The Fundamental Theorem of Algebra.

This theorem is also called the theorem of d'Alembert.

Theorem 6.3.1   Let be a non constant polynomial over . Then has a root.

Corollary 6.3.2   Let be a non constant polynomial of degree over . Then has exactly roots, counted with multiplicity.

First examples are displyed in subsection 7.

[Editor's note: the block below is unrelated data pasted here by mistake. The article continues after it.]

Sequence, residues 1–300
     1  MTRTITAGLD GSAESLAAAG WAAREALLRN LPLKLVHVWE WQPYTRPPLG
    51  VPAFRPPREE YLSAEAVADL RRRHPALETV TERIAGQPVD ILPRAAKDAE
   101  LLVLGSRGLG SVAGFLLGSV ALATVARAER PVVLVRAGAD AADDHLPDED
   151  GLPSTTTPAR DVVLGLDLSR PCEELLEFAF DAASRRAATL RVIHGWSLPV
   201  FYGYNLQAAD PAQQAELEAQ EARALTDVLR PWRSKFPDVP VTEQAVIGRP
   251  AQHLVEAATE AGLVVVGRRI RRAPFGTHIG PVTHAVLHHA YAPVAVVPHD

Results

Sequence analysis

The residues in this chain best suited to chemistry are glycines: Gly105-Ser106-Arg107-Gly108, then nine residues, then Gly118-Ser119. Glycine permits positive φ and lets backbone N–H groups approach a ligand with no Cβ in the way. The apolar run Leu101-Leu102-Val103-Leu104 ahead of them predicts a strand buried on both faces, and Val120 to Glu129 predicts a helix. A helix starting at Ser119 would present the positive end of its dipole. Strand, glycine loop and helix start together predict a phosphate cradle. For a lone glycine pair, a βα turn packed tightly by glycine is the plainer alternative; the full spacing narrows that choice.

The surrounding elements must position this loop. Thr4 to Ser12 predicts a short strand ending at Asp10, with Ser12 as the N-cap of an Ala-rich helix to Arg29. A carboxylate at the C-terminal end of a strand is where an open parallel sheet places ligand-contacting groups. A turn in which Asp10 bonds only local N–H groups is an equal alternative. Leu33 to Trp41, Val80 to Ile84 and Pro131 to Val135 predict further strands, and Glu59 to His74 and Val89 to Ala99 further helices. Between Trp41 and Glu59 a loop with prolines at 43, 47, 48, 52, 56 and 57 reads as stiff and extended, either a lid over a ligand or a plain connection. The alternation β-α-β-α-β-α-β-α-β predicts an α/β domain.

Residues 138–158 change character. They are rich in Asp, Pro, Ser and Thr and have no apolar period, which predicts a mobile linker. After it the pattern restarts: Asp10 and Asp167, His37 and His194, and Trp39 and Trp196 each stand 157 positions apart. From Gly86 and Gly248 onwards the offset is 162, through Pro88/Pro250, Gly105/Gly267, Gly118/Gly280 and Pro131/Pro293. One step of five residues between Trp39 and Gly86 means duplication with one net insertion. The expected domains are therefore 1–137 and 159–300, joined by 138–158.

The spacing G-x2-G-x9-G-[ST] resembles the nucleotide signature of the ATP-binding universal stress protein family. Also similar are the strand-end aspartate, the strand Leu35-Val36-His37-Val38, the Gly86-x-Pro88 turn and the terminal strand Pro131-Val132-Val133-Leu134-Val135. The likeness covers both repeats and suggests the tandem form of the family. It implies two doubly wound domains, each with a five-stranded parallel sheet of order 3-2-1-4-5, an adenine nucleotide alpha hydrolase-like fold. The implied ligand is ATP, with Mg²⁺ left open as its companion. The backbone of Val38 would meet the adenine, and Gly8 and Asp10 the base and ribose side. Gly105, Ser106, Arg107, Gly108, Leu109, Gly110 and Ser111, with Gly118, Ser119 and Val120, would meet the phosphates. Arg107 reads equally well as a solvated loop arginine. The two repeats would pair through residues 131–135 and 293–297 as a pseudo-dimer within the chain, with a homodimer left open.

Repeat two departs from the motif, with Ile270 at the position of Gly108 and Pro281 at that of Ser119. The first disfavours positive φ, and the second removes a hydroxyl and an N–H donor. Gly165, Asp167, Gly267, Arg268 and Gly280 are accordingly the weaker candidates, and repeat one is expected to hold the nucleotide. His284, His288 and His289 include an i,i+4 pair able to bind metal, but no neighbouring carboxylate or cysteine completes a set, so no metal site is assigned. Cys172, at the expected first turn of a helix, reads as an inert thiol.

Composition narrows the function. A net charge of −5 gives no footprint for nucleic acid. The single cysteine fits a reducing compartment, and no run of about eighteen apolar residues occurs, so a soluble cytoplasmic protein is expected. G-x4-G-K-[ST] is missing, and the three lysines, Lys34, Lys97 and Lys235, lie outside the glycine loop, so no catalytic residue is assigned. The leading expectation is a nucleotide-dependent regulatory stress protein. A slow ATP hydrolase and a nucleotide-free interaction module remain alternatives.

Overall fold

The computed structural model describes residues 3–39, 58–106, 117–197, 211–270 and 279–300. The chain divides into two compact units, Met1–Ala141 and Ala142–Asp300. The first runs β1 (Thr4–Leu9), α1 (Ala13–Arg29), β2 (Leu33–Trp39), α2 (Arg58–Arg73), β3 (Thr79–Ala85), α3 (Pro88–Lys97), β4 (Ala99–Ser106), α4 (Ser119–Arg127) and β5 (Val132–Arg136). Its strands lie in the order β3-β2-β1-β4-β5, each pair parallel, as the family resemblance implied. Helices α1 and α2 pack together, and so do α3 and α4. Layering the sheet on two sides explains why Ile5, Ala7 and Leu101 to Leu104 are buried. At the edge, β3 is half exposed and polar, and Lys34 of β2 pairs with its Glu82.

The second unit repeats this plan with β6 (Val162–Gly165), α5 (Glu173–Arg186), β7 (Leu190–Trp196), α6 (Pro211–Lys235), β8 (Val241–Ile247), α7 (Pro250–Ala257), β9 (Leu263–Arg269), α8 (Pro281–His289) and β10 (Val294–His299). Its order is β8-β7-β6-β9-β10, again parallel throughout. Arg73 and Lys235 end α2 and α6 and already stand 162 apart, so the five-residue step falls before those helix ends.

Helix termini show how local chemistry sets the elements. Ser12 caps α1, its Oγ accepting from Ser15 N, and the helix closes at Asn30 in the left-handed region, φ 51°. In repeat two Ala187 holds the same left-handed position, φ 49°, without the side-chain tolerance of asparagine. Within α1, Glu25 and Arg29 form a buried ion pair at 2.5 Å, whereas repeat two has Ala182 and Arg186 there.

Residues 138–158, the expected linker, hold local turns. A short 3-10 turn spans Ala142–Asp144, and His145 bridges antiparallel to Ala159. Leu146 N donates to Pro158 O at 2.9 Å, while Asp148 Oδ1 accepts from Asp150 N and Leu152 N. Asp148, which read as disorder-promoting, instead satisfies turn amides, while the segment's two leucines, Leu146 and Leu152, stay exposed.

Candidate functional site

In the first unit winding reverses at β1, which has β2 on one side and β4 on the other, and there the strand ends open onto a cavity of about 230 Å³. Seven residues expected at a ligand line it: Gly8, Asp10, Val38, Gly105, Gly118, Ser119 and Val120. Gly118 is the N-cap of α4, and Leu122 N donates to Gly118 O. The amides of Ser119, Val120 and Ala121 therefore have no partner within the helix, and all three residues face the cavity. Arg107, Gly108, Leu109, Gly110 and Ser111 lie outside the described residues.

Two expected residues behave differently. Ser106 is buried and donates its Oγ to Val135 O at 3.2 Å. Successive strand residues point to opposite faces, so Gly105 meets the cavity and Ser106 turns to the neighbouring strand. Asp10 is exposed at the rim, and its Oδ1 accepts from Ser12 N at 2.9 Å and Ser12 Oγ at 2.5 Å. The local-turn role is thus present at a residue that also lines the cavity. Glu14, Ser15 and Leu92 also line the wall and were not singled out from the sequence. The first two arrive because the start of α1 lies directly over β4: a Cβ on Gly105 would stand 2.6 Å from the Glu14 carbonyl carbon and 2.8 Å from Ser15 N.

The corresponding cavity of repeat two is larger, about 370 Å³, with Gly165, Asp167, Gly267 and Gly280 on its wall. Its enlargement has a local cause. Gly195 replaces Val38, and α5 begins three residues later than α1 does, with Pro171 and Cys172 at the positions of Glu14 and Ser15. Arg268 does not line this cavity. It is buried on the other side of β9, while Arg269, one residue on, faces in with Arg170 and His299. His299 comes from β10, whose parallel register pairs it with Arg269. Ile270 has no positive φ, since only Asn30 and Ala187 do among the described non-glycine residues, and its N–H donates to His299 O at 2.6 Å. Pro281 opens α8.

Corollary 6.3.3   Every non constant polynomial with real coefficients is the product of factors of degree 1 and 2.

Proof. Let be a polynomial with real coefficients. By thm 3.1, this polynomial has at least one root . If this root is real, then factors by .

Suppose that is not real. By thm 7.3, is also a root of . Thus, factors by    Re .

An example can be found in 7.6.

Noah Dana-Picard 2007-12-24